Bonuses are awarded for using specific types of Skylanders in certain regions, handing them combat boosts. Through these shifts the game persuades you to continually rotate the character in play and at the same time see just how varied each of the thirty-plus Skylanders are. There are rock elementals that place down prisms before firing lasers through them; undead mages calling down magical air strikes; and stealthy elves which turn invisible before revealing themselves for a fatal stab with their blades. The nature and variety on offer is sure to tend players to use some Skylanders over others, and also brings to life a personality in combat that the comparatively static likes of Pokemon has been lacking for some time.
Disappointingly most of the dungeon’s inhabitants possess very little to bother a capable or even moderately levelled hero. Though this could be explained away by the game’s focus on younger players, there are few adversaries that can’t be defeated by sheer brute force. Even when the odd exception to this rule does crop up, attrition is still likely to win out eventually.
Thankfully there are areas tucked away that prove a worthy test. With every Skylander comes a challenge level, there to unlock bonus skills and provide a sneaky way to grind XP. From timed dungeon runs through to taking on vast numbers of foes, it all feels as though Activision knew what they were doing and hid this grownup, testing treat away to one side. Like the After Eight mints your mother bought but hid on that shelf just out of reach. Even the faux Mortal Kombat voiceover speaks that it was surely targeted as an arcade addition to an otherwise lengthy yet straightforward campaign.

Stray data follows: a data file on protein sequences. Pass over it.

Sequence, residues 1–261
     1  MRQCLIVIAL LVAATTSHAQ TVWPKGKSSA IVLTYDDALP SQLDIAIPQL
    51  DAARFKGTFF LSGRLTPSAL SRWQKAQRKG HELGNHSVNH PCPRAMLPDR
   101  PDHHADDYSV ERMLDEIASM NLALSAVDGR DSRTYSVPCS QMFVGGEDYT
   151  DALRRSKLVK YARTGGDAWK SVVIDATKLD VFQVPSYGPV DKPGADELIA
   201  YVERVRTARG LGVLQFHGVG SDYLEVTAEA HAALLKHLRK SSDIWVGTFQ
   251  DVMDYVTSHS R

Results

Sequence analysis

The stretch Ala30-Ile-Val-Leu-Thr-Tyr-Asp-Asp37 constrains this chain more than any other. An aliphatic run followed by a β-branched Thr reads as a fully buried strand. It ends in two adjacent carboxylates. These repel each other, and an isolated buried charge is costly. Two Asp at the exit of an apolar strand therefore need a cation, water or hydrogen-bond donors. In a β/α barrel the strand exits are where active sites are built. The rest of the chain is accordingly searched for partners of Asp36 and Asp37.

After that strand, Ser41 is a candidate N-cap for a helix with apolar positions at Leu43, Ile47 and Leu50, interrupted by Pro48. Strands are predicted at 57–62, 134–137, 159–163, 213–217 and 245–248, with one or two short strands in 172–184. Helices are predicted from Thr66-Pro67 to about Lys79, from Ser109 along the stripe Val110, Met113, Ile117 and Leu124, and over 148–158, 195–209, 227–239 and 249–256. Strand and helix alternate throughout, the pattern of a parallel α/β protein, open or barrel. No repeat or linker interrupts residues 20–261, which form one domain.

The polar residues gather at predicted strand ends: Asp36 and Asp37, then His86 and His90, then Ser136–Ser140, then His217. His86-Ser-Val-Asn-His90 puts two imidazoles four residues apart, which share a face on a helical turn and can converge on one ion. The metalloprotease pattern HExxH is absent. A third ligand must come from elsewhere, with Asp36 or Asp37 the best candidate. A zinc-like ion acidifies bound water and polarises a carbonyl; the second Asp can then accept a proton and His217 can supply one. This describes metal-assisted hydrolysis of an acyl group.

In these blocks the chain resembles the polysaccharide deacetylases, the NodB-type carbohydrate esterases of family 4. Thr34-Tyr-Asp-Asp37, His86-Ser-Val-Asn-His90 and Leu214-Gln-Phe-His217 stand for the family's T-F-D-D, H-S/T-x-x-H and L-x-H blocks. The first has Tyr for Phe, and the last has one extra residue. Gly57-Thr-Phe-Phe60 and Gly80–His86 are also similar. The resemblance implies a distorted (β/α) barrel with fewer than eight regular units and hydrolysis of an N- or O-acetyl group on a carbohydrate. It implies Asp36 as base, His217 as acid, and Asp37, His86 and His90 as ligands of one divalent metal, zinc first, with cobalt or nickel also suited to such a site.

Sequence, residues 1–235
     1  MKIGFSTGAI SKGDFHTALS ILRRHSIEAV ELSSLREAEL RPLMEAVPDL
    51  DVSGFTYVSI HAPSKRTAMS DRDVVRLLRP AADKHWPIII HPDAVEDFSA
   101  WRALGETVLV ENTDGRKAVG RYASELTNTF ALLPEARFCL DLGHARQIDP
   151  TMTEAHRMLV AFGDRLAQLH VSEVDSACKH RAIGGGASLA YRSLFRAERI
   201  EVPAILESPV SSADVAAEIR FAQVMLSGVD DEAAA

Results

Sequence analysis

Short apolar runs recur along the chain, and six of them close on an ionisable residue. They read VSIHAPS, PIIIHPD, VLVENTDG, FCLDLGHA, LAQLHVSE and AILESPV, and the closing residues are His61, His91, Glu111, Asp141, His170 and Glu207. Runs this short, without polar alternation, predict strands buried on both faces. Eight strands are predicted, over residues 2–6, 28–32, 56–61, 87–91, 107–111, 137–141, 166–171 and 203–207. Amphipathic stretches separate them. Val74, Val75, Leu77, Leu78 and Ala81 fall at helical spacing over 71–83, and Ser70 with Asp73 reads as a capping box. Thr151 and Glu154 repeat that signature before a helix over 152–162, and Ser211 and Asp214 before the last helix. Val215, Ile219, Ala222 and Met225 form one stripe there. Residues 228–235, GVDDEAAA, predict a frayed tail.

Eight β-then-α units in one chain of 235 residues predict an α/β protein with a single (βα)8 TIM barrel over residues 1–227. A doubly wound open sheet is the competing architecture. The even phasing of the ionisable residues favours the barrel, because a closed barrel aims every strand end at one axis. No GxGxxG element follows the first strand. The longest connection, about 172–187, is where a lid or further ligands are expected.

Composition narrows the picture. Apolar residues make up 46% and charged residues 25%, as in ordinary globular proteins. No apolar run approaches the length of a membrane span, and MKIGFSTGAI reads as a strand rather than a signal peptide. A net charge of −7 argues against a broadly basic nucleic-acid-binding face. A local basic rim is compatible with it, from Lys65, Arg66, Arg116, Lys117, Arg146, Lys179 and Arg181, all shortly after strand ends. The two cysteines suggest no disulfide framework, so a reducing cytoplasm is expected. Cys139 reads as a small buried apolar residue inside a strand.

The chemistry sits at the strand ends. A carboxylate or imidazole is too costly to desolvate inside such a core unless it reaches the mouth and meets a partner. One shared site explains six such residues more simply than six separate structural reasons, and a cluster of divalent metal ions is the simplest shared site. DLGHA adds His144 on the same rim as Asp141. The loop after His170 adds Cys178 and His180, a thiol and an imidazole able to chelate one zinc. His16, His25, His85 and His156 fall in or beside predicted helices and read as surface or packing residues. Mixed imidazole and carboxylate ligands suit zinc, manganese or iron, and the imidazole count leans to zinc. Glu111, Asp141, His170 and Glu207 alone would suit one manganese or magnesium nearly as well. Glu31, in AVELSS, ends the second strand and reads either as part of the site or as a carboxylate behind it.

Multiplayer options extend play a little further, too. Co-op is available throughout whilst a few throwaway battle arenas hide in the opening menu, including a very novel take on American Football that could never be accused of taking itself seriously. Spike pits and bounce pads turn it into a frenetic few minutes as players chase the ball, each other and, at times, shadows, in a bid to score more touchdowns than their rival.
Whether you dig deep enough to find and dabble with many of these extras however will come down to whether or not you have bought into the concept of Skylanders. On one level it’s a competent if not exceptional dungeon crawler for kids that sees much of its content locked out unless you purchase physical DLC (i.e. extra Skylanders). The lands are well realised, combat fun and the characters interesting but at times it all feels fairly generic.
Conversely, the very physical nature of the roster of heroes you take with you on a journey can be a strangely powerful draw. Personalise your Skylanders with their own unique name and a natty hat and all of sudden that is your own exclusive and exceptional elf or dragon. Capable of being transferred across platforms, from 3DS to Xbox and back again, you raise them to be a force to be reckoned with.
It tugs at the completionist within you, offering you a feast of challenges, collectible figures and hidden treasures that the nagging voice inside your head won’t let you ignore. The only way to appease it is to catch ‘em all.